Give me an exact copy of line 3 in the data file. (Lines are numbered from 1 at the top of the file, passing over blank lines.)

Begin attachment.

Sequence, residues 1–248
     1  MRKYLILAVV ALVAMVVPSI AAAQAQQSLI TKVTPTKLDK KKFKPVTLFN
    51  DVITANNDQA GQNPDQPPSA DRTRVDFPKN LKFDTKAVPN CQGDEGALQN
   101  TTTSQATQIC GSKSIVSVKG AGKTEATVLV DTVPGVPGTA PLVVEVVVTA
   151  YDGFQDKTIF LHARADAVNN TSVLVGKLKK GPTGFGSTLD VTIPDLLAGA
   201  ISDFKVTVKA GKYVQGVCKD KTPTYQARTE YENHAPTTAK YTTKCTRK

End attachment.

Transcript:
    51  DVITANNDQA GQNPDQPPSA DRTRVDFPKN LKFDTKAVPN CQGDEGALQN